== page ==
For the last few months, it seems that every drive around town is cluttered with construction. It doesn’t help that I live near the bridge replacement project on Old King’s Highway North, which requires me to make a U-turn at least three times a week after I mindlessly turn out of my road forgetting that my path is blocked.
Although they have set up a relatively easy detour on and off of I-95 that doesn’t even require a merge with highway traffic, it still feels like a hassle when you have to go east before you can go west.
It only adds a few minutes to our trip, but that is significant when you are running late, like I always seem to be. I put a note on my dashboard that says “Turn Right” so I’ll remember which way to go to avoid the construction zone, but it seems I am as bad as my kids at following my directions (or even reading my notes). Today, I actually stopped in the middle of the road, backed up, and started again. That’s progress, I guess.
I work and do much of my shopping in Norwalk, and travel has been impeded there as well. The main strip of Route 1 has been littered with traffic cones and police cars and blinking lights and construction workers all summer. I mean, the closeup view of the underground around it has completely squelched my enthusiasm for Popeye’s opening. I’m not sure even Chick-fil-a is worth the months of merging three lanes into one.
This stretch of Route One is now in the lengthy paving stage, and the raised manhole covers, half-done, split-level roads, and unlined expanses make every trip to work feel like a death trap, an obstacle course, or some exasperating game of Frogger.
I-95 has always been bad, and now it is terrible. For over 10 years, my husband commuted to Long Island for work and every night was a crap shoot as to what time he would get home. It could take anywhere from one to three hours on an average night, never mind if there was a storm or a serious accident. The majority of the time the problem was the 10 miles from Greenwich to home, not the 40 miles in New York with bridges, tolls, and the LIE.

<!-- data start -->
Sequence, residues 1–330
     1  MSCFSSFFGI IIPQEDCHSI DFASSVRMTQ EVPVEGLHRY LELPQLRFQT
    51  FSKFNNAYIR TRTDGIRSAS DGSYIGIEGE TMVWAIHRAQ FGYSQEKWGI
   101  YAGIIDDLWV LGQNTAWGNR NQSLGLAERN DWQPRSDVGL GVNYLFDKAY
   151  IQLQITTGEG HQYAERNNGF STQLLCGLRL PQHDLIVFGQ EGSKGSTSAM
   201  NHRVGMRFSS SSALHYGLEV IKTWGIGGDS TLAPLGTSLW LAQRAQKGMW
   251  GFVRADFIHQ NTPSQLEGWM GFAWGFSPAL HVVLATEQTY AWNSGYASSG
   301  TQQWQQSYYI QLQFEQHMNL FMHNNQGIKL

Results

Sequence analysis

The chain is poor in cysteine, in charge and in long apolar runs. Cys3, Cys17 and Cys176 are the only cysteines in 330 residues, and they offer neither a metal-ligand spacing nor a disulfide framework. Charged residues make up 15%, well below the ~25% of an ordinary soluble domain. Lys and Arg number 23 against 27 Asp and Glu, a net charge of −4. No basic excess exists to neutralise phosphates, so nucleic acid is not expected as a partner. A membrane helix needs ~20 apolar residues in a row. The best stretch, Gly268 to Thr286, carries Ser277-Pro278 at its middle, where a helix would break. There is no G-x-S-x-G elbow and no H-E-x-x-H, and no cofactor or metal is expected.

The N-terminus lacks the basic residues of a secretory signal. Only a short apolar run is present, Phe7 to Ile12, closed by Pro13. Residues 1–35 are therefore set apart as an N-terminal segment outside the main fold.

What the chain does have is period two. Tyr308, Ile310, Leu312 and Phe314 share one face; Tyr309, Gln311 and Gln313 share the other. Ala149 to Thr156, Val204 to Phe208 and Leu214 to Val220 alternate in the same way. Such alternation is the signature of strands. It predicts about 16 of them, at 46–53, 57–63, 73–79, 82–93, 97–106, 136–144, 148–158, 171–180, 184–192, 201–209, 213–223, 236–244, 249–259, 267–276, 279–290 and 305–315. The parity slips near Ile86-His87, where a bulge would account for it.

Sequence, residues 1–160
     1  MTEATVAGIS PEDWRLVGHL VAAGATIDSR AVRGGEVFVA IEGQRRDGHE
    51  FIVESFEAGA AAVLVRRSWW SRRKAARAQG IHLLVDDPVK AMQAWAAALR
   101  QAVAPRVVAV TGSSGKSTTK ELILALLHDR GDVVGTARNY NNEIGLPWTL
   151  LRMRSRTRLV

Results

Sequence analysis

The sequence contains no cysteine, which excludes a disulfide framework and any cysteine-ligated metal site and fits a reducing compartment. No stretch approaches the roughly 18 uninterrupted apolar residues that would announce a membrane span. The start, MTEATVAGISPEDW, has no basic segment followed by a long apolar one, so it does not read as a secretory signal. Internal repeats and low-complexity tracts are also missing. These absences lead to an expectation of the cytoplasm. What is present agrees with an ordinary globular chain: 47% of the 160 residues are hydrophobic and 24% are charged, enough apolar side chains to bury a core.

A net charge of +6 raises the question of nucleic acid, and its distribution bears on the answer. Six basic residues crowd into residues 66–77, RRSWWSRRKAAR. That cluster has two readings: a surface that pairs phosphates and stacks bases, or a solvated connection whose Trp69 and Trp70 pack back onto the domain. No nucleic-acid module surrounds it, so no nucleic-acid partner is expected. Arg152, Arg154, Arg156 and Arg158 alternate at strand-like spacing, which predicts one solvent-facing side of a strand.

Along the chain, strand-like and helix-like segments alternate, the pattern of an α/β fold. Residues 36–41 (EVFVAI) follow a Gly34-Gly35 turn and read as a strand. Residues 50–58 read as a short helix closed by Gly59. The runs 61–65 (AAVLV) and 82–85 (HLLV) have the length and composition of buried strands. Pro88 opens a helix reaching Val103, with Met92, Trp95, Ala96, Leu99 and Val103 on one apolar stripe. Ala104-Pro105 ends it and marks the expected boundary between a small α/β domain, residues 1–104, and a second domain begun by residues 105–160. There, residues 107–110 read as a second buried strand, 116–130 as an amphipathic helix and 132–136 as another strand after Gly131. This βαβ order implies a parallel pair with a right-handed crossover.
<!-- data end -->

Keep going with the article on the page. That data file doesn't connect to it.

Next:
But at least during rush hour times, you expect the nightmare. When you have a choice, you try to plan around it, but construction is the great equalizer between rush hour and off-hours. It’s especially frustrating when you try to stretch a vacation weekend until late Sunday night, thinking you’ll miss the southbound traffic, and end up hitting three construction zones from Milford to Darien that turn an hour-long trip into a three-hour ride.
Add in some whining, overtired children and it makes a boring weekend at home sound just fine. My wanderlust is gone.
It’s no secret that we parents drive these roads a lot. While not ever a “mindless task”, we do develop habits in our driving that become second nature, just like habits in other aspects of our lives. All day long, our minds race with the tasks that make up our mental load. Driving a familiar route may be one time when our mind gets to take a little break.
We are focused enough on the task to see the signals, other cars, pedestrians and such, but we function at a lower level than when navigating a new route. (Really, it’s scientifically proven that different parts of the brain are used for new versus habitual tasks.) This is why sometimes you’ll realize you are home but you don’t actually remember taking the last few turns. You may, however, remember singing along to your favorite song, or having a chat with a passenger because it was new (and fun).
Navigating all this construction is making the daily drive another JOB. So much to watch out for, so much planning, so much more “thinking” to be done.
The thing is, it’s September. My whole life is “under construction” right now as we adjust to the new school year, new classes, new activities, new expectations. I already have to make last minute panic rides to Walmart for school supplies, or a run to school to attend welcoming coffees, drop off forgotten lunches or gym shoes, or a take-out run between this activity and that open house. When the unexpected construction zones impede my progress, the dominoes start to fall.
I already have enough detours in my life. I can take a few more speed bumps, but then I am looking forward to a smooth ride.
Rebecca Martorella, LMFT welcomes ideas and comments and can be reached at firstname.lastname@example.org.